[IMGCAP(1)]I like to wear shirts with my firm’s logo. We have an arrangement with Land’s End where we can order what we want from their catalog and have the Withum logo applied. It is a very easy process.
When I had my own firm we let staff freely choose what they wanted from the Land’s End catalog, and we ordered it for them. It shows pride in the firm, is a walking billboard advertising your firm, and presents an appearance of a “together” firm. It is a low-cost method of promoting your firm and strengthening your brand and culture. In instances where clients asked for shirts, we willingly provided them. There are other vendors, including local suppliers, and this is not restricted to Land’s End.
Another thing you can do is send wall or desk calendars, teddy bears and other promotional products. These all create goodwill and are long-lasting symbols of your firm.
Another form of promotion is informative trifold brochures explaining a service you perform, providing reminders that you can be called for further information. These lead to additional revenue and added client awareness of services you perform. This is very inexpensive advertising. I suggest including one with everything sent to a client, including bills. Each month you can send a flyer for a different service.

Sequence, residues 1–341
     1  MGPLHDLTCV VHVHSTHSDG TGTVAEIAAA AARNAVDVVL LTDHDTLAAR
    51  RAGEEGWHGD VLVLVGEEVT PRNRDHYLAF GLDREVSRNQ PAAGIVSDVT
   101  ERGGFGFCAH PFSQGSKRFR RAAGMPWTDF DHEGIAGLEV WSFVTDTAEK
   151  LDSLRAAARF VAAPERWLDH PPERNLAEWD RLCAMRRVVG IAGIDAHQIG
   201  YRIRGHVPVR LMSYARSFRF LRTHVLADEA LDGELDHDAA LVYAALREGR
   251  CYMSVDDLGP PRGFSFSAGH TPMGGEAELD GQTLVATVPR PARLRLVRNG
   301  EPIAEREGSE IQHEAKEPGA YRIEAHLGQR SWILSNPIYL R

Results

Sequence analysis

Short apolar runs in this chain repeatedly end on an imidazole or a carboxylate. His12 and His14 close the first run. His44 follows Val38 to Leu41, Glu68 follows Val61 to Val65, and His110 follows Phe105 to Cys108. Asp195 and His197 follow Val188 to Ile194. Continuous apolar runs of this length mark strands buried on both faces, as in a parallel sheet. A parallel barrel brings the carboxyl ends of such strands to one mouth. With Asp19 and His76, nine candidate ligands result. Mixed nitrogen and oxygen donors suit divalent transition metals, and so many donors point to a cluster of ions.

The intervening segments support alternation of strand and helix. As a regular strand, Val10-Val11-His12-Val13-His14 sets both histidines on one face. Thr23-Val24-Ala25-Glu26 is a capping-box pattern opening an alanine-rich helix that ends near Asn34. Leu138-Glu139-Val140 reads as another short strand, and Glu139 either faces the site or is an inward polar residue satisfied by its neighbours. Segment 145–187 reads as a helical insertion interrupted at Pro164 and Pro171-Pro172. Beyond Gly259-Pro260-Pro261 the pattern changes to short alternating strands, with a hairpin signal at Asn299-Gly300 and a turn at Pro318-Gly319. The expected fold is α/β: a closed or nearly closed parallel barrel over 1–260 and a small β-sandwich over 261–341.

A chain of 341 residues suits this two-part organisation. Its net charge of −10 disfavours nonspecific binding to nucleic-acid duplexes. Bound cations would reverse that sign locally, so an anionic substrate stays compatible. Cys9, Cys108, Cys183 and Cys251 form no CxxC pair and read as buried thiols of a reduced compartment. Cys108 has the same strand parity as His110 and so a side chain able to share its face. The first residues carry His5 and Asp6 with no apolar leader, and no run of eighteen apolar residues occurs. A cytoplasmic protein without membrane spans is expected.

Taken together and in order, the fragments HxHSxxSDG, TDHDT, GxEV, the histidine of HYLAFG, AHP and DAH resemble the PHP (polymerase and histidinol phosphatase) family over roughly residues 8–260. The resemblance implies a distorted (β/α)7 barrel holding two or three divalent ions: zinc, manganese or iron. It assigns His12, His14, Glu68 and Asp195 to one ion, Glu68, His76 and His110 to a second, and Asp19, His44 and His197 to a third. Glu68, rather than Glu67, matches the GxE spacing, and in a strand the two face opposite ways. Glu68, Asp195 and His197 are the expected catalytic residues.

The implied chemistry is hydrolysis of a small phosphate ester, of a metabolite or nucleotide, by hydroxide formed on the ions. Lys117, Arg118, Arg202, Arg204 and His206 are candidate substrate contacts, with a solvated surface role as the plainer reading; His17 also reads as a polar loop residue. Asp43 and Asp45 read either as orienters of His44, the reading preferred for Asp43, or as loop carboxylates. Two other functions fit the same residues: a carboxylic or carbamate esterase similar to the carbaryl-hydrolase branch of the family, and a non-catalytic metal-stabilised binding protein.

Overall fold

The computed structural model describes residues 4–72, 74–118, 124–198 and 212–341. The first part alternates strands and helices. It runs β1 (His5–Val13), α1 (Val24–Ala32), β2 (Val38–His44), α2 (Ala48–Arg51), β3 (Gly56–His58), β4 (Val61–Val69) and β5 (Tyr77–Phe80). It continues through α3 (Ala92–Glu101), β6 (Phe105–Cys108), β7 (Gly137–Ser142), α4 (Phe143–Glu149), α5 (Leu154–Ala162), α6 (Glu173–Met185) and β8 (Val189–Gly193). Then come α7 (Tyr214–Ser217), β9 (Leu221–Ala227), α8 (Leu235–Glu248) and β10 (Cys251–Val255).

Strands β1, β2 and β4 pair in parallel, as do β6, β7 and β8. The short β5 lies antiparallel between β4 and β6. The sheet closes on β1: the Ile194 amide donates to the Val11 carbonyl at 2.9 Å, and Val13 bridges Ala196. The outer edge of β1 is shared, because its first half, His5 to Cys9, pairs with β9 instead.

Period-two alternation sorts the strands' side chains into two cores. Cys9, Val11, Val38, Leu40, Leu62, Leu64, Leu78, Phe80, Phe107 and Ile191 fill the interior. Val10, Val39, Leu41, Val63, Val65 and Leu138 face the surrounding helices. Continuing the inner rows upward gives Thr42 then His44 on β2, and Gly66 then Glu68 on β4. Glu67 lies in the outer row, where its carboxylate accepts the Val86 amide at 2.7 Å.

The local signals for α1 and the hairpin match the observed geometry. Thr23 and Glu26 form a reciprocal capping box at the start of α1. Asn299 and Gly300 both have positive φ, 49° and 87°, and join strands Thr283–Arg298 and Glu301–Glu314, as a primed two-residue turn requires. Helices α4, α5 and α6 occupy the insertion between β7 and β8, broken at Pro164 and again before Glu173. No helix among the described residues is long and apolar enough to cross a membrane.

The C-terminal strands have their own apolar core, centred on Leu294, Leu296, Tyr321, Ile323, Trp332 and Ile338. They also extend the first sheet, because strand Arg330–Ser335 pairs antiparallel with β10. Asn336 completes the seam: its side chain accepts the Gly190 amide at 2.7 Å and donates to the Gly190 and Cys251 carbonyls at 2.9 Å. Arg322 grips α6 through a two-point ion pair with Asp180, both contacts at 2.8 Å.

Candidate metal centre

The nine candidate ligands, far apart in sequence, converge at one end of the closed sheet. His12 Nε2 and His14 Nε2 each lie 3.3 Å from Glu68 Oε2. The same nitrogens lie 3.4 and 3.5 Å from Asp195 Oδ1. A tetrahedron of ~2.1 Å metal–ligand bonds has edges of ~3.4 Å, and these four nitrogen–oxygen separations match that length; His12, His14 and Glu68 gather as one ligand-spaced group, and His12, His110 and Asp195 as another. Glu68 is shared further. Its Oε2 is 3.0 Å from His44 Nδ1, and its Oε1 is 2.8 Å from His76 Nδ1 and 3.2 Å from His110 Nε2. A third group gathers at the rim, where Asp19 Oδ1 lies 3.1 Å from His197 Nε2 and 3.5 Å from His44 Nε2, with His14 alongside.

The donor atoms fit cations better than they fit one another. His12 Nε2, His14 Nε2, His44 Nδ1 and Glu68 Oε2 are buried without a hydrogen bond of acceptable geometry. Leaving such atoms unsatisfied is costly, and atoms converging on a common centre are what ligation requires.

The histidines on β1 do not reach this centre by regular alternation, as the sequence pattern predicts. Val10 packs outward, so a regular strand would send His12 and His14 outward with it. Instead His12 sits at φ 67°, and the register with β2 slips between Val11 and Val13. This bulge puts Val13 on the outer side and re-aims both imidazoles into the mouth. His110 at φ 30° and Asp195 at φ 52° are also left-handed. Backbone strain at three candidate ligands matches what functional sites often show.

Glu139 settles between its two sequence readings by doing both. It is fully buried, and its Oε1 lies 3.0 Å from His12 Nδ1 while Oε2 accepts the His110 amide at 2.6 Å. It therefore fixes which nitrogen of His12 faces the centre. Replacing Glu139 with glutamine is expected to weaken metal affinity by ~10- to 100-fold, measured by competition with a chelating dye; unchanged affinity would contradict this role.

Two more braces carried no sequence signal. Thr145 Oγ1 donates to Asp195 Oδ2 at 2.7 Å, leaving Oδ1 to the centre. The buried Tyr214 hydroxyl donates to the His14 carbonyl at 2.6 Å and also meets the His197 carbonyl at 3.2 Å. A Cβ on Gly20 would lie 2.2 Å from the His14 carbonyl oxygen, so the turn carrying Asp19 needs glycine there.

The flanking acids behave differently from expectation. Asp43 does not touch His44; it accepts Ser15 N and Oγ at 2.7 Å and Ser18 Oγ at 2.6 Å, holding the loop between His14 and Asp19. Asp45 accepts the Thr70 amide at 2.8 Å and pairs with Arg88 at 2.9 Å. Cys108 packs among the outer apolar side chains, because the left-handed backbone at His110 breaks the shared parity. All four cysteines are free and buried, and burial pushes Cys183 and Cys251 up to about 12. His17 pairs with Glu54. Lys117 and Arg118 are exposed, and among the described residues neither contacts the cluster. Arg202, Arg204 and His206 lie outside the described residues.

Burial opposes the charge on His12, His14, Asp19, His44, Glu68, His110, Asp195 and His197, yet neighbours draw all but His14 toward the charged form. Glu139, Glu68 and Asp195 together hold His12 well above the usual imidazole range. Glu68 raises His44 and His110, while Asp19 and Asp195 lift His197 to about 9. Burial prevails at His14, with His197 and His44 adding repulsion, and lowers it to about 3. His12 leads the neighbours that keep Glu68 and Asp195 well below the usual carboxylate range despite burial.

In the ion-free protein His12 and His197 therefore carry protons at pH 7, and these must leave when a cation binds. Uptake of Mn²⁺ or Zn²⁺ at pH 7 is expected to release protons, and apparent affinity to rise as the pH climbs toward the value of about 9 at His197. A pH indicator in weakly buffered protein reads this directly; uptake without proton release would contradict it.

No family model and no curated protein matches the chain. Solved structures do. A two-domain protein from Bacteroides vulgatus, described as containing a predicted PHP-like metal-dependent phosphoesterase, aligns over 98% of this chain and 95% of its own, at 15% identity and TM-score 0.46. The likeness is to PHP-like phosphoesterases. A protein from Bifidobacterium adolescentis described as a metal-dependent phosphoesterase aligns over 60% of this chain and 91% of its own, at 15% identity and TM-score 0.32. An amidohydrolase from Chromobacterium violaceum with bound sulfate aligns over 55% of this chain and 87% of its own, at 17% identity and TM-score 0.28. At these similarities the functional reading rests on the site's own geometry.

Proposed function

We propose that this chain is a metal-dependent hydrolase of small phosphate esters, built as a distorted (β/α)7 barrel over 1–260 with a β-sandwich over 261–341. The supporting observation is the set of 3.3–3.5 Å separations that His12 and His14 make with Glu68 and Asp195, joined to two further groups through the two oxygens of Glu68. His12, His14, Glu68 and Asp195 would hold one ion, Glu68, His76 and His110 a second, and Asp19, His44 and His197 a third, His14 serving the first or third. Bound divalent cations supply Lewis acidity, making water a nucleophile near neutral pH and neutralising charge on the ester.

For the past few years we have included a three-page client survey with every client deliverable. The first two pages ask about the client’s satisfaction with our service, personnel, performance and value received. The third page lists additional services the client might need. When these are checked, the client gets an immediate call from a partner to discuss the client’s additional needs. This is a very successful way to get feedback about our service and to garner additional business.
Marketing is the totality of your efforts to get additional business. There are many novel ideas, but these are some tried and true methods you can easily and inexpensively adopt. Try some of them—they work!
I used all of these, and many more!
Edward Mendlowitz, CPA, is partner at WithumSmith+Brown, PC, CPAs. He is on the Accounting Today Top 100 Influential People List. He is the author of 24 books, including “How to Review Tax Returns,” co-written with Andrew D. Mendlowitz, published by www.CPATrendlines.com and “Managing Your Tax Season, Third Edition,” published by the AICPA. Ed also writes a twice-a-week blog addressing issues that clients have at www.partners-network.com. Art of Accounting is a continuing series where Ed shares autobiographical experiences with tips that he hopes can be adopted by his colleagues. Ed welcomes practice management questions and can be reached at (732) 964-9329 or firstname.lastname@example.org.